Skip to main content

Matthew Gaddie

Matthew Gaddie

Matthew Gaddie

Bardstown, Ky.

Professional Artist

​Matthew Gaddie has been an aspiring professional artist for over a decade. During that time he has grown The Meadows Pottery from a small corner in his garage into one of the most complete fine art ceramic studios in the state. The initial stage of investment in 2007 was focused on the designing and the building of a 37-ton wood kiln. The original prototype, which measures 8 feet wide, 20 feet long and 13 feet tall, with a 25 foot chimney, has been replicated numerous times across the eastern United States. Each kiln has added to the growing kiln design and construction and general ceramic consulting aspect of his business. In 2010, Mr.Gaddie invested heavily in the future success of his venture by remodeling a 100-year-old cow barn into a 1,400-square-foot ceramic studio, gallery and kiln crew bunkhouse. Each aspect of the remodel addressed the specific requirements of producing large scale, one-of-a-kind, contemporary wood-fired ceramics. In the same time period, the artist has maintained a strategic craft show schedule while exponentially expanding a national juried exhibition resume. The artist has founded expansion projects with retail sales, wholesale orders, private commissions and large corporate ceramic installations. Other revenue streams have included:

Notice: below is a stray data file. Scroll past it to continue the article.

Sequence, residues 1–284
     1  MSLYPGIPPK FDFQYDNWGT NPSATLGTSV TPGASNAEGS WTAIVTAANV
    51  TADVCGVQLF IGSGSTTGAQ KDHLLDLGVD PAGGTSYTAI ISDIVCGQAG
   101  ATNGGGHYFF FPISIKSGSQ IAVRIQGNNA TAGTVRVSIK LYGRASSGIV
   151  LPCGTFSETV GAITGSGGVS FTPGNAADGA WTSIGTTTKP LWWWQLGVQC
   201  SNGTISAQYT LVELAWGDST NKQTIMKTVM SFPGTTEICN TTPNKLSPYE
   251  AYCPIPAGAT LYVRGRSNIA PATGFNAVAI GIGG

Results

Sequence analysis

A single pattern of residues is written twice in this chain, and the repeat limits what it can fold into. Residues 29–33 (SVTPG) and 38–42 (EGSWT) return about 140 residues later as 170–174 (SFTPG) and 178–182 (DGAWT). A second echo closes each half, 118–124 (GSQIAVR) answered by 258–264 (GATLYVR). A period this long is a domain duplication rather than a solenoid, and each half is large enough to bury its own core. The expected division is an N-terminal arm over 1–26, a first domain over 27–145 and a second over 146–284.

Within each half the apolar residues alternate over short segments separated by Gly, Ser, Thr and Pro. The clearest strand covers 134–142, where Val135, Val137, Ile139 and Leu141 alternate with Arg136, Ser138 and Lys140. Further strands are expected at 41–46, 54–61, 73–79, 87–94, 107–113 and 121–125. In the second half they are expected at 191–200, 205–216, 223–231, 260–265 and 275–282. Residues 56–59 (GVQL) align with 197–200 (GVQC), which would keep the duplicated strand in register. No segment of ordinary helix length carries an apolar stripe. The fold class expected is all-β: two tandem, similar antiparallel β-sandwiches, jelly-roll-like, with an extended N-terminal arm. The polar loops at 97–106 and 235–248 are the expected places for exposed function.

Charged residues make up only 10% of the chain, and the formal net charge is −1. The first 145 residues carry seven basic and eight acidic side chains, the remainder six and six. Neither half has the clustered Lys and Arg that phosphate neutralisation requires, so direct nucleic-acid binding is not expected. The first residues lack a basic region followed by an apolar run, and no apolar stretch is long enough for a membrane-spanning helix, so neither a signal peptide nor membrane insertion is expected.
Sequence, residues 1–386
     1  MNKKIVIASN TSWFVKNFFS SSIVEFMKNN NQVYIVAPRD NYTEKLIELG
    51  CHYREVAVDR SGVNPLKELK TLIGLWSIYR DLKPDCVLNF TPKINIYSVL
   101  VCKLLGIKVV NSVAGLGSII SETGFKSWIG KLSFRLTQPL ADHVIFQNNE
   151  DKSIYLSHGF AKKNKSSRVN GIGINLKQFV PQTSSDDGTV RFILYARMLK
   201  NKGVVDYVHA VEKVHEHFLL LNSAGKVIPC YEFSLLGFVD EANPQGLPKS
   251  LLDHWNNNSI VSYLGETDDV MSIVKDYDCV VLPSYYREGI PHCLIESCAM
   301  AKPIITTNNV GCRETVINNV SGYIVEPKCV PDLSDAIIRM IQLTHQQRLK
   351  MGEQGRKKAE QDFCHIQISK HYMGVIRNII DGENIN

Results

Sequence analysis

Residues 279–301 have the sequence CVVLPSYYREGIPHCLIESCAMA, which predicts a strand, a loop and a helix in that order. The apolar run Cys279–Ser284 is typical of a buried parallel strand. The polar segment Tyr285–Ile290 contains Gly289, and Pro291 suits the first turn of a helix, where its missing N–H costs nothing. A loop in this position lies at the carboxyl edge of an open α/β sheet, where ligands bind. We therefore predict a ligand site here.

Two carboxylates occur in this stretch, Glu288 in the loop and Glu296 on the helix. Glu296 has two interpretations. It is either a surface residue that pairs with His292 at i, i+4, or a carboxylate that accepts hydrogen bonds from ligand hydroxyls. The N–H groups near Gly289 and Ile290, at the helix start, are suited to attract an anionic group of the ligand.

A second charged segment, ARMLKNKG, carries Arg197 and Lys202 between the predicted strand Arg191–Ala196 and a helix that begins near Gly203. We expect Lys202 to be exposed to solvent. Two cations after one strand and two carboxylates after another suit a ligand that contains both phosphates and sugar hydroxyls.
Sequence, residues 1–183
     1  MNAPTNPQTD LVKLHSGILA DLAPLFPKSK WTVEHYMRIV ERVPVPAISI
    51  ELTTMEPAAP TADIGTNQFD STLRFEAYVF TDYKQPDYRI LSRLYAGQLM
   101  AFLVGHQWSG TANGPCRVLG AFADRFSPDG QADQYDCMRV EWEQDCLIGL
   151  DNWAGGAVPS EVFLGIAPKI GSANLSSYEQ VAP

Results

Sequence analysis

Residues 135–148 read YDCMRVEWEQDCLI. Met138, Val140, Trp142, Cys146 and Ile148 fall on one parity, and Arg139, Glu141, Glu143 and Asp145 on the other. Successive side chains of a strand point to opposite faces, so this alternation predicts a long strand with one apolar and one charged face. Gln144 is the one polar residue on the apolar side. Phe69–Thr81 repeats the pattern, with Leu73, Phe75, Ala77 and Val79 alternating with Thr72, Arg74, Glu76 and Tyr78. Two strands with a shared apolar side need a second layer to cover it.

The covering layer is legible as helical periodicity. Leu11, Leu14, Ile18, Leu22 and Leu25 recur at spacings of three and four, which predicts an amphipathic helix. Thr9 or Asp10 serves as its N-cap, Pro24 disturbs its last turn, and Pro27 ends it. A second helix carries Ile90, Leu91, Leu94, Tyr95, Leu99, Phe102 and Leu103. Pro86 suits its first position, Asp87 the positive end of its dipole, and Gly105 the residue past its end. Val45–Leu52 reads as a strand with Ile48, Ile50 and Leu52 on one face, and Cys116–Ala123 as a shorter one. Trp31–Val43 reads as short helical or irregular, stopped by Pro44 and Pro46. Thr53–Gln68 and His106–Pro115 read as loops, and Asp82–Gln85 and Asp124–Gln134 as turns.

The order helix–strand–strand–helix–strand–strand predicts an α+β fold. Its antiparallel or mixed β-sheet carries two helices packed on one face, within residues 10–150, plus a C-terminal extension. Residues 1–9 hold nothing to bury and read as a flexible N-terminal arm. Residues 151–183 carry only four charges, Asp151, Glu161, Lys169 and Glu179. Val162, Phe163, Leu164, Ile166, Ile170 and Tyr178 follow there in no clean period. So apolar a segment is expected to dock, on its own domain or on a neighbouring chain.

* Teaching national workshops on creating large-wheel thrown clay vessels, most recently at the Brockway Center for Arts and Technology, in Brockway, Pa. 

* Teaching graduate kiln building master classes. Most notably at Hood College in Frederick, Md.

* Teaching 3-D art as adjunct faculty at St. Catharine College in Springfield, Ky. 

Mr. Gaddie has received grants from the Kentucky Governor’s School for the Arts and the Toyota Alumni Scholarship fund, as well as an Emerging Artist Award from The Kentucky Arts Council. He has won the Best New Exhibitor and the Best of Show honors at Kentucky Crafted: The Market. In 2014, Mr. Gaddie was recognized as one of the 100 most notable wood fired potters in the world by New York author Amedeo Salamoni.